Today, Electronic Arts confirmed that hackers stole a massive amount of data from the video game publisher. A dark web forum poster claimed to have obtained 780 gigabytes of data in the attack, including the source code for FIFA 21 and EA’s Frostbite game engine, used by FIFA, Madden, Battlefield, Star Wars: Squadrons and Anthem.
“We are investigating a recent incident of intrusion into our network where a limited amount of game source code and related tools were stolen,” an EA representative said in a statement. The representative added that “no player data was accessed, and we have no reason to believe there is any risk to player privacy.” VICE first reported the attack. EA has confirmed with WIRED that it did not involve ransomware.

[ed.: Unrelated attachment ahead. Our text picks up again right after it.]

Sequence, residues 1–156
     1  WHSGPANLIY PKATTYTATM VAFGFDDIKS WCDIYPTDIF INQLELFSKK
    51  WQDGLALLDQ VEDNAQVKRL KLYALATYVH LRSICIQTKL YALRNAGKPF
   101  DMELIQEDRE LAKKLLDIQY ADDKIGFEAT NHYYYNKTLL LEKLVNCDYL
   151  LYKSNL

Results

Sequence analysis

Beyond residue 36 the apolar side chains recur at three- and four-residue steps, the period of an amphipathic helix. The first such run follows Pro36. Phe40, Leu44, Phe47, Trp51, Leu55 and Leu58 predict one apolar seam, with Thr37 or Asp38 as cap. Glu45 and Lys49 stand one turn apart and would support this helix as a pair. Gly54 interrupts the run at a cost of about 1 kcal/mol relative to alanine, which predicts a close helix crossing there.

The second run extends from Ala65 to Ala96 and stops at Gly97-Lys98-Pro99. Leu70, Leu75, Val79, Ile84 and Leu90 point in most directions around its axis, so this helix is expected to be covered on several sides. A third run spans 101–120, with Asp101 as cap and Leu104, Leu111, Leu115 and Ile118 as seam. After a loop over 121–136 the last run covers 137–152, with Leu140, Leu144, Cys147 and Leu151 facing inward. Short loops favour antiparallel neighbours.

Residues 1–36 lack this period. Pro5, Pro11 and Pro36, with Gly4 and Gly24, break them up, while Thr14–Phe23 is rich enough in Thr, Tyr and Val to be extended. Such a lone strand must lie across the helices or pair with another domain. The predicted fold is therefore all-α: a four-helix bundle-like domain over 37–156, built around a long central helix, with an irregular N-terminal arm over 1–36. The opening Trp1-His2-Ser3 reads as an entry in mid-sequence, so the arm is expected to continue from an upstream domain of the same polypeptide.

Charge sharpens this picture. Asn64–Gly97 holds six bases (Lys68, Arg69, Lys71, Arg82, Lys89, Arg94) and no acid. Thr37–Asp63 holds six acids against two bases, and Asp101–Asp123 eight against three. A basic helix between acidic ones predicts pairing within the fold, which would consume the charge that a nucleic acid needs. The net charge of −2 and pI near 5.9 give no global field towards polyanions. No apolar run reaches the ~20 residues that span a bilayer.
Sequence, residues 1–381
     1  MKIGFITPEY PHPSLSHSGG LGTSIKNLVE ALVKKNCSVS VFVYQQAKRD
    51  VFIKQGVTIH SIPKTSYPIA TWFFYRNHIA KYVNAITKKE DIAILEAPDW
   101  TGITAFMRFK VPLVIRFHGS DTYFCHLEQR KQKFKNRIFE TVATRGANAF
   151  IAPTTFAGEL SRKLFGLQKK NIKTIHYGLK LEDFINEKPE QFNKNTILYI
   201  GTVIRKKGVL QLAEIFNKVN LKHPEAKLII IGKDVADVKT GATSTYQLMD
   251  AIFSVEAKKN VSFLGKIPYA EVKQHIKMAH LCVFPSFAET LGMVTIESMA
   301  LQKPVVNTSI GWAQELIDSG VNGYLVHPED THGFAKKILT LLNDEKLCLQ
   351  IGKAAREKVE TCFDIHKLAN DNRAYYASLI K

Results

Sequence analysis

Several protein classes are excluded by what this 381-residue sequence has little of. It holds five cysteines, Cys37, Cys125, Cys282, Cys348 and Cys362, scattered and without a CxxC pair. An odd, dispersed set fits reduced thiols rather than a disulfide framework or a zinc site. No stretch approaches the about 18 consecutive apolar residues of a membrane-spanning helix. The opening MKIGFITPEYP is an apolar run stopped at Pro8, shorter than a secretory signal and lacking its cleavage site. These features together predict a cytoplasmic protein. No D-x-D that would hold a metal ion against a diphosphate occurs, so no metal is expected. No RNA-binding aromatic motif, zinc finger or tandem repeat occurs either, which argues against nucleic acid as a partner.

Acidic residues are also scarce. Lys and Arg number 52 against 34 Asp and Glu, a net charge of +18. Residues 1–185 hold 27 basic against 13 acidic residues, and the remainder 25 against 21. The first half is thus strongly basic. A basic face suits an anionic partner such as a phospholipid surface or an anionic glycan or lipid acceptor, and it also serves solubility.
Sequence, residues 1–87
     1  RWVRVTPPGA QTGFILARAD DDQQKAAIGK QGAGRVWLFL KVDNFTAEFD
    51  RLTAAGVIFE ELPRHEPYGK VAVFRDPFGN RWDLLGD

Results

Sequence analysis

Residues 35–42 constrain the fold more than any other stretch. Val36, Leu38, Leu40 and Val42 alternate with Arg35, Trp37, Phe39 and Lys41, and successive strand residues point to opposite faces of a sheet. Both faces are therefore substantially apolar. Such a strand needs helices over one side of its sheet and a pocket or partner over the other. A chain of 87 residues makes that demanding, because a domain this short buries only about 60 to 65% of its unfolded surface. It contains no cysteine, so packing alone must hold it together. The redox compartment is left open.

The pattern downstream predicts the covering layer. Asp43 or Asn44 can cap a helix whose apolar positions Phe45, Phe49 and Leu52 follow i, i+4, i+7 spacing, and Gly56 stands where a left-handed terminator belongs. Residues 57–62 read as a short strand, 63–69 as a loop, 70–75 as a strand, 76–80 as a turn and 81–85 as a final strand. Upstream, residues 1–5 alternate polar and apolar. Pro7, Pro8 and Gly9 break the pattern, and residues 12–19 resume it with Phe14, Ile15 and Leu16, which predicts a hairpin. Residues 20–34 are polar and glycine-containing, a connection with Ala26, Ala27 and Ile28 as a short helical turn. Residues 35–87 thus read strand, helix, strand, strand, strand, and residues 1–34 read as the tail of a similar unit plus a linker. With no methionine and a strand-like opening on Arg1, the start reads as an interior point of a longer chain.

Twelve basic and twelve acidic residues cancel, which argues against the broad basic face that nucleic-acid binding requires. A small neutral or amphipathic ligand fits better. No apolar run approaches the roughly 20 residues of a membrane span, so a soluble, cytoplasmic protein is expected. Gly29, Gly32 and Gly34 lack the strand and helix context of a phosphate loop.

The EA hack is the latest in a string of high-profile video game source code leaks. Last year, Valve, Capcom, Nintendo, and Ubisoft reportedly suffered similar data breaches. And earlier this year, a ransomware attack hit Cyberpunk 2077 creator CD Projekt Red. (The developer said Thursday that it has reason to believe the data has made its way onto the internet.) Source code is an attractive target for hackers because it describes exactly how the sausage is made—why pushing this button disables that trap, or exactly where on an opponent’s head your bullet must land for optimal damage. When it lands in the wrong hands, source code has the potential ..